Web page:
Giving and Receiving
At the beginning of our parasha Abraham is sitting in his tent, healing from his circumcision. At that moment, he sees three men nearby. The Torah says: “And he lifted his eyes and saw, and behold, three men were standing beside him, and he saw and he ran toward them from the entrance of the tent, and he prostrated himself to the ground. And he said, “My lords, if only I have found favor in your eyes, please do not pass on from beside your servant. Please let a little water be taken, and bathe your feet, and recline under the tree. And I will take a morsel of bread, and sustain your hearts; after[wards] you shall pass on, because you have passed by your servant.” And they said, “So shall you do, as you have spoken” (Genesis 18:2-5).
This is a classic Jewish source for Hachnasat Orchim, the mitzvah of welcoming the stranger, or welcoming guests. As you may know, inviting and welcoming guests is considered a great commandment, a great honor, and a great pleasure at the same time. That is why you will see observant people trying to have guests whenever they are able to, especially for Shabbat and festival meals.
In the fifth verse from our quote it says וְאֶקְחָה פַת לֶחֶם וְסַעֲדוּ לִבְּכֶם, literally, “And I will take a morsel of bread, and you will sustain your hearts.” Most of us would probably understand here that the Torah means that Abraham is going to bring or serve bread for the three men, or that the men are going to take that bread and eat it. However, the literal meaning of the Torah here is that Abraham will take bread (apparently for himself?!) and the men will eat. So, what is Abraham doing here, giving or taking?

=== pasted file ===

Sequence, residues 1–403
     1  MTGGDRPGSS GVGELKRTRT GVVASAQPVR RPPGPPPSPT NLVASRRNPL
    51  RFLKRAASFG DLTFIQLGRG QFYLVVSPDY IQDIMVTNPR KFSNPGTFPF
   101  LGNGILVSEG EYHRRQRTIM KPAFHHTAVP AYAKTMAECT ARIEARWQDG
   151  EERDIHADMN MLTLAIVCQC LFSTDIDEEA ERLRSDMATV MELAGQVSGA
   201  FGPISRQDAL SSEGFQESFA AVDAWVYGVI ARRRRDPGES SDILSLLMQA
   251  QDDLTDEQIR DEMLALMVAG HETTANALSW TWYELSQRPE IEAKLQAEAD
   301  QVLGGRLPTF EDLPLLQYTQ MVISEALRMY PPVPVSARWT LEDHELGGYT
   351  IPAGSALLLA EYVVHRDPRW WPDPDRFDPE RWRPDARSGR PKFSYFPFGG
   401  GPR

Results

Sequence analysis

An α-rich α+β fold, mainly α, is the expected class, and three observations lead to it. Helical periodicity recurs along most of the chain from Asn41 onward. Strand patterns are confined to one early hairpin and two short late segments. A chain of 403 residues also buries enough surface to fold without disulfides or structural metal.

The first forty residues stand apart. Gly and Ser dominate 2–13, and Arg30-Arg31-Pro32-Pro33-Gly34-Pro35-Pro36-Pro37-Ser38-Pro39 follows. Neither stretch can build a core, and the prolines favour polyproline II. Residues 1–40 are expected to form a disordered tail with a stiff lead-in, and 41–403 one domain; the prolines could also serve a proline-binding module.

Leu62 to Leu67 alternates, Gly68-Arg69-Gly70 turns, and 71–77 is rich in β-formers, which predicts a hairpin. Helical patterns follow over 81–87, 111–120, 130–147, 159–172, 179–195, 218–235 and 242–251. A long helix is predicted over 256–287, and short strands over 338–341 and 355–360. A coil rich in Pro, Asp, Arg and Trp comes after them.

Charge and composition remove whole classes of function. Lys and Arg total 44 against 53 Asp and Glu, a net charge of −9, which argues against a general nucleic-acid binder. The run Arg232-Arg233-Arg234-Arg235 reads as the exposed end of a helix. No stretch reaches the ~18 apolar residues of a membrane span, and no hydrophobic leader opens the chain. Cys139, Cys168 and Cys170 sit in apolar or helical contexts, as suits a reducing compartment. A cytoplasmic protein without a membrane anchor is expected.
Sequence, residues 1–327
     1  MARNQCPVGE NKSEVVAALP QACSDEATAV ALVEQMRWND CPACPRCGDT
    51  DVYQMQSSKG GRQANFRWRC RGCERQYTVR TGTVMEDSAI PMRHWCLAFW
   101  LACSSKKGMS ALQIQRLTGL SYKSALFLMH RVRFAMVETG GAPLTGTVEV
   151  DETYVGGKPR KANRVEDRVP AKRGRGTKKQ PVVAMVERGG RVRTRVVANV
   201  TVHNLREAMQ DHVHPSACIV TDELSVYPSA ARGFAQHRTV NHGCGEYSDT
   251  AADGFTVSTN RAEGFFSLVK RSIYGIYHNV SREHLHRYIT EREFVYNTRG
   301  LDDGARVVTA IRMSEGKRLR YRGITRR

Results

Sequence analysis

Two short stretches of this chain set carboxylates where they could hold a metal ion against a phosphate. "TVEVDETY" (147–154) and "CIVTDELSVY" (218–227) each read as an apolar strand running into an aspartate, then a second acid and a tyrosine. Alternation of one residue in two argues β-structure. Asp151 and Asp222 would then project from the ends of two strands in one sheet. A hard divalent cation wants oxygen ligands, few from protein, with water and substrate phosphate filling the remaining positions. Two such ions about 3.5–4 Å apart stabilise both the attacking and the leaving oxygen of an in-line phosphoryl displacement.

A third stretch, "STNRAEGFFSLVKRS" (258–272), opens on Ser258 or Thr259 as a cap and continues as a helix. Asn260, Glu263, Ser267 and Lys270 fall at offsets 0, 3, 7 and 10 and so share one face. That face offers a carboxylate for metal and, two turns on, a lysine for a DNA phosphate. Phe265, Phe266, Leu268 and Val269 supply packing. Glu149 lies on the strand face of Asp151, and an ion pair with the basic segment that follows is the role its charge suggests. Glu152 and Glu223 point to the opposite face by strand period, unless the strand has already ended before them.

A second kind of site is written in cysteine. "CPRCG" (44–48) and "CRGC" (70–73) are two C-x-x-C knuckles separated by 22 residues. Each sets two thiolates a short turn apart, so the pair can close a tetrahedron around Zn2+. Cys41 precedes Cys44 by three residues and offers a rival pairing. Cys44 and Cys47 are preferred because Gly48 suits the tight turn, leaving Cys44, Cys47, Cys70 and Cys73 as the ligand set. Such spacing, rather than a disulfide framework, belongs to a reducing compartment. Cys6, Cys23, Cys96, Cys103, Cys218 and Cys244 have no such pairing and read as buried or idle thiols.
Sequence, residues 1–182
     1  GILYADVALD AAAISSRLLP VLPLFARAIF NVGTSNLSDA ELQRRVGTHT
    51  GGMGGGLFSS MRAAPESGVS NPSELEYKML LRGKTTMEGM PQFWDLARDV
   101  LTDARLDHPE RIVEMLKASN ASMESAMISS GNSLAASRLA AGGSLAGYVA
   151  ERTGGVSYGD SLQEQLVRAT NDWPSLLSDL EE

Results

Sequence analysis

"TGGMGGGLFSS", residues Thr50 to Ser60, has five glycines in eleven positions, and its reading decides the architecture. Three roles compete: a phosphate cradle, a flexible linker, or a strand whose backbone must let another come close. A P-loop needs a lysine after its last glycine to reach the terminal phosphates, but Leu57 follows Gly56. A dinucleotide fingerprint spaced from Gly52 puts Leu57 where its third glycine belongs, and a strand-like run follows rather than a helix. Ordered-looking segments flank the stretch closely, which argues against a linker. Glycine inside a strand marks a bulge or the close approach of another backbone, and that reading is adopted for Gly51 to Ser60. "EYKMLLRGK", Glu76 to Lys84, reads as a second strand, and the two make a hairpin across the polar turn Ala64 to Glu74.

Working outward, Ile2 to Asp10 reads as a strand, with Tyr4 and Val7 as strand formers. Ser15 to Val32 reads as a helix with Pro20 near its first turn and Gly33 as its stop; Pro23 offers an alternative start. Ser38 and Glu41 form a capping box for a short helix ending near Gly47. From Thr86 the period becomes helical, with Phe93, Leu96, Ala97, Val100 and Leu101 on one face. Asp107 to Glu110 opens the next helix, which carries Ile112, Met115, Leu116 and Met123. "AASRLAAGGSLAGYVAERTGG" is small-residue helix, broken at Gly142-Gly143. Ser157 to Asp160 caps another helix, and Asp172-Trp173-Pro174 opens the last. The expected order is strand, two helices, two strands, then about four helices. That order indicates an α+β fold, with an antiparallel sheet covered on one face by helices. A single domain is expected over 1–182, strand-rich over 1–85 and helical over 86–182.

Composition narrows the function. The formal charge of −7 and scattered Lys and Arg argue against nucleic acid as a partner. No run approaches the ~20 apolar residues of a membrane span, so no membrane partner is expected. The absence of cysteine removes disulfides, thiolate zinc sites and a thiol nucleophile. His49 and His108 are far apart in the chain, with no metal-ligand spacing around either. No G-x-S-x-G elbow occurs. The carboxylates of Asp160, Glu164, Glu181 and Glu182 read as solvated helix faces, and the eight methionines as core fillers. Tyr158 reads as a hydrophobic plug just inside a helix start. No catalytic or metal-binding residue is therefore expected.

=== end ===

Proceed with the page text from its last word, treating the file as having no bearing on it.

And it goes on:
The Torah is trying to give us a lesson. Why is Abraham taking something for himself if he is really trying to give it to others? Because the Torah is telling us that when you give, you receive. When you help other people, you receive much more than what you give. When you give money, food, clothing, shelter, or whatever you are doing to help others, you receive a smile, a “thank you,” a hug, or a thank-you letter. But you also receive the great sense of feeling that you are doing the right thing, that you are doing what you must do.
In Judaism, helping others is not charity, not only a good deed, but it is an obligation. That is why we call it tzedakah, which comes from the Hebrew word “justice.” You are not helping others because you are a good person, but because it is our obligation as Jews and as human beings to help others. And when you fulfill your obligation you feel in your heart that you are doing what you have to do. And there is no feeling better than this one.
Yes, Abraham was giving food, water, and shelter to three strangers, but he was receiving much more than he was giving. The same happens to us: when we give, we receive!